Thursday, July 30, 2015

Tips for Children's Librarian's Fighting Gender Stereotypes

Illustration by Elizabeth B. Martin

I wrote this blog to share on my Feminist Librarian Facebook page. It is a page I run with 3 other librarians and we share news, information, and thoughts on feminist issues relating to children's media, literature, and libraries. If you haven't like my page yet, please do so now! :)
  • As children's librarians, we should refrain from making assumptions of children's reading tastes based on their gender. If boys want to read Rainbow Magic books, do not judge them and certainly don’t deny them the opportunity to do so. Same goes for girls; if girls want to read a series often read by boys, encourage them to do so. Children should always have the freedom to explore books freely without judgement. As children’s librarians, we must conduct reference interviews by asking children about their unique tastes and interests rather than making grand assumptions based solely on their gender.
  • Introduce children to story characters — and real people — who take part in all kinds of activities. Recommend books, TV shows, videos and software programs that feature a variety of cultures or present men and women in nontraditional roles. Also seek out stories that show a wide range of body types, personal traits and talents. (Source: PBS)

     

    Here are links to booklists that challenge gender stereotypes: 

     

    8 Books Breaking Gender Stereotypes
    This was a website I made for a project on gender stereotypes within picture books. This link provides 8 books that specifically portray families, females, and males, in nontraditional gender roles. 

     

    14 Books that Challenge Gender Stereotypes
    From the website "What Do We Do All Day", these titles celebrate the fact that not every child fits into society’s preconceived notion of what it means to be a boy or a girl.

     

    Anti-Defamation League's List
    Brought to you by the Anti-Defamation League's Miller Early Childhood Initiative Question Corner, this is an excellent list of children's books that break gender stereotypes.  

     

    10 Children's Books that Break Gender Stereotypes
    Brought to you by Parentmap.com, this list is filled with books showing diverse characters breaking gender stereotypes.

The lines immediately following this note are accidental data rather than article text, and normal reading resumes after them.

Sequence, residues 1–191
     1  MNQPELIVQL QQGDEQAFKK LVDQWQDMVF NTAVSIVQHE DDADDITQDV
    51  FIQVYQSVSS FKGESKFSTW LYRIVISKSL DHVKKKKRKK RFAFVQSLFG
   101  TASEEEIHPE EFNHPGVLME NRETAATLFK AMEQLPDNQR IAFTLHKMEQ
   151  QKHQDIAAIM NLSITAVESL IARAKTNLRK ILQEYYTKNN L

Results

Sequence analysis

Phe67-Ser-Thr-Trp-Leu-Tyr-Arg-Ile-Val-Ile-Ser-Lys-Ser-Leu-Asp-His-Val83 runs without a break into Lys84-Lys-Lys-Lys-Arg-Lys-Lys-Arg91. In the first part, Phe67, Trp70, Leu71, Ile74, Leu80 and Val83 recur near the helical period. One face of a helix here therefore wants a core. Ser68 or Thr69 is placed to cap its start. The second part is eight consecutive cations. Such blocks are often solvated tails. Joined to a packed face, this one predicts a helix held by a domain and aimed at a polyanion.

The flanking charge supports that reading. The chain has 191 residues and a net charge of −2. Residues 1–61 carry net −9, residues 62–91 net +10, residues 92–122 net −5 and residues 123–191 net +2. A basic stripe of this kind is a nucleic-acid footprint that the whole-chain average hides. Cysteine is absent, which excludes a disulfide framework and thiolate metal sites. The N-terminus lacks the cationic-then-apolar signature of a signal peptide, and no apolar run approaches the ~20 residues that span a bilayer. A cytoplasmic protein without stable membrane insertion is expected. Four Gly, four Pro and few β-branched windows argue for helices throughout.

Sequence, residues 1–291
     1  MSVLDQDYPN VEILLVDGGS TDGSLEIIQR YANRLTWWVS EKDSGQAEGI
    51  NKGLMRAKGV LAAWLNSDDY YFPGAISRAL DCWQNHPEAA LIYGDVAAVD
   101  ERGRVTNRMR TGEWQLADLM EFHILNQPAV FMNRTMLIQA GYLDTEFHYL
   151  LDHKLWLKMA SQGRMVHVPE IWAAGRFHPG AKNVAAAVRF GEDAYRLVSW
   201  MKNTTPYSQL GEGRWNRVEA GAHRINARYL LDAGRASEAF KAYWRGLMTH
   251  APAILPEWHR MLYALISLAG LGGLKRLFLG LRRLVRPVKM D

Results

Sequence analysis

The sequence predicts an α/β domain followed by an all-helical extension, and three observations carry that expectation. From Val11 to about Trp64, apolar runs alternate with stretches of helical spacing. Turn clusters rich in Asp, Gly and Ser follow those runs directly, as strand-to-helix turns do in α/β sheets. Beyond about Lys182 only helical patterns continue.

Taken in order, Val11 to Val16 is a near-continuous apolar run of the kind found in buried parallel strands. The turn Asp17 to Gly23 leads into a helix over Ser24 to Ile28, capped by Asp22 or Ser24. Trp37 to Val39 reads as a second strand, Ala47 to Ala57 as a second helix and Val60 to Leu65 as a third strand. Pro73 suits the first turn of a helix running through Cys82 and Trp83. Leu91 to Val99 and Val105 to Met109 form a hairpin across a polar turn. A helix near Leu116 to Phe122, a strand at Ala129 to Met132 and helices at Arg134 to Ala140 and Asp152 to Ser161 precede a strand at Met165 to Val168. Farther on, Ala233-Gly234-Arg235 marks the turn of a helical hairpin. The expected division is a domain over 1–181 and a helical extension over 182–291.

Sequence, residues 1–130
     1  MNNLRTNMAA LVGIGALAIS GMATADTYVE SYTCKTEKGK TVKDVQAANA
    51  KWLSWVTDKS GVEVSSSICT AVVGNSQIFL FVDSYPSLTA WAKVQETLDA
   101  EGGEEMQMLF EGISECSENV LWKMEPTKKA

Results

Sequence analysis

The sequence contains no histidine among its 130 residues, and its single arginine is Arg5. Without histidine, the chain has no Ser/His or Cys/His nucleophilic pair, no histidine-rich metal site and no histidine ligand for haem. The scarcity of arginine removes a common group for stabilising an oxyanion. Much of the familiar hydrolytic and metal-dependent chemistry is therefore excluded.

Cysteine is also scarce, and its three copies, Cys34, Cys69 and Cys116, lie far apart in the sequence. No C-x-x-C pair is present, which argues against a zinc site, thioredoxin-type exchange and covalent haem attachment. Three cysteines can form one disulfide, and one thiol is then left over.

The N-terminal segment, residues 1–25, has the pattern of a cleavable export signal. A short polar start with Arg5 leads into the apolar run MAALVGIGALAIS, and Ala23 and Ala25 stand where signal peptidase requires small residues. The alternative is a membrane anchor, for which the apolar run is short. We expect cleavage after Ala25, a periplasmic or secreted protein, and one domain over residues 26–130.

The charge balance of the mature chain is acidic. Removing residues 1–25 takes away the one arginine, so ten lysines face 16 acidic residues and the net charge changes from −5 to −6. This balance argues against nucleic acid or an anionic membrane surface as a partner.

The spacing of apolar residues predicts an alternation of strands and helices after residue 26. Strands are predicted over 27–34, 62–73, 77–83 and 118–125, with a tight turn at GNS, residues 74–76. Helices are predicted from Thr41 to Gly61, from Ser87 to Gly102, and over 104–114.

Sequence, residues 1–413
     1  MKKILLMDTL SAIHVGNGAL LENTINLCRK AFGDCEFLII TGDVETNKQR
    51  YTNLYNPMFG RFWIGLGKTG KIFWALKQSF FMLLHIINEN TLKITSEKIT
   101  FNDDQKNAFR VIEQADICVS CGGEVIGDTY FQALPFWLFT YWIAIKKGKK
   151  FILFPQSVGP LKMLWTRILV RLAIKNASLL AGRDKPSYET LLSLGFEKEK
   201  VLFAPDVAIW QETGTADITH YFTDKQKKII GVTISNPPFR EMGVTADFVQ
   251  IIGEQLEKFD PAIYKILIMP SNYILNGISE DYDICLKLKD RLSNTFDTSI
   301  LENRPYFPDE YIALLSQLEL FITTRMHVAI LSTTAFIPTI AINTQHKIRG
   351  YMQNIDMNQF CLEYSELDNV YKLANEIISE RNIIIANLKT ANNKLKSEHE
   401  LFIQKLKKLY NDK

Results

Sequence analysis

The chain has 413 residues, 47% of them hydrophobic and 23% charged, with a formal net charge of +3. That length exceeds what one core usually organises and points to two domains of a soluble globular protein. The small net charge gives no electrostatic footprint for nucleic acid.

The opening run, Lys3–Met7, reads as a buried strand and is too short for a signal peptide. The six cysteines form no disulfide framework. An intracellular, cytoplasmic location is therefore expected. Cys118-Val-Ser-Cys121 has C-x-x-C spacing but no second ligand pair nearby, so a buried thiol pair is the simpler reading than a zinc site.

• If a parent becomes uncomfortable seeing a child read a specific series, the most we can do is clarify messages so parents feel heard. Be empathetic and try not to act judgmental towards the parent for feeling uncomfortable. Permit verbal venting and remain calm. Once you have heard them express their concerns, calmly reassure parents that many children read books marketed towards the opposite gender and that it is no need for concern. Explain that sometimes children also read books marketed towards the other gender because they are curious about the opposite sex! It is important not to hinder a child’s natural curiosity and interest in a specific children's book because children need to develop their own personal reading tastes and preferences. Tell parents that it is critical for children to read a wide variety of literature that includes positive and uplifting portrayals of both genders.
  • Avoid gendered bibliographies and reference materials within the library such as “chik-lit” book lists. Refrain from having gendered book displays. For example, do NOT have a sign that reads “books for boys!” or “books for girls!” This should be obvious but sadly, some librarians haven’t gotten this memo. Check out this one display a woman tweeted about:


This is a good example of what NOT to do. (Source: Campcreek on Twitter)




  • If your library has a play area or early literacy center, fill it with gender neutral toys and toys of all kinds as much as possible. Do not be rigid on what you include in the center. For example, don't exclude dolls because you think that boys won't play with them. Encourage children to play with a variety of toys and not just ones that fit within the confines of gender stereotypes.

  • Lastly, be a role model and set an example. There is no replacement for modeling the type of person you want children to look up to. Use gender neutral language.The words we use around children are crucial to how they will characterize gender.  Be careful of making words applicable to only one gender.  Instead of saying fireman say firefighter.  Replace policeman and postman with police officer and postal carrier.  These simple changes make a huge difference in combatting gender stereotypes. (Source: homegrownfriends.com)
Have any other tips? Please add yours in the comments!
 

Tuesday, July 28, 2015

Reading Under the Stars

This is a fun program idea that was inspired by a family literacy night that was held at Lake Park Elementary School in Addison, IL where I volunteer on occasion. This would make a great all ages family-friendly event or could be a fun program for a smaller targeted group!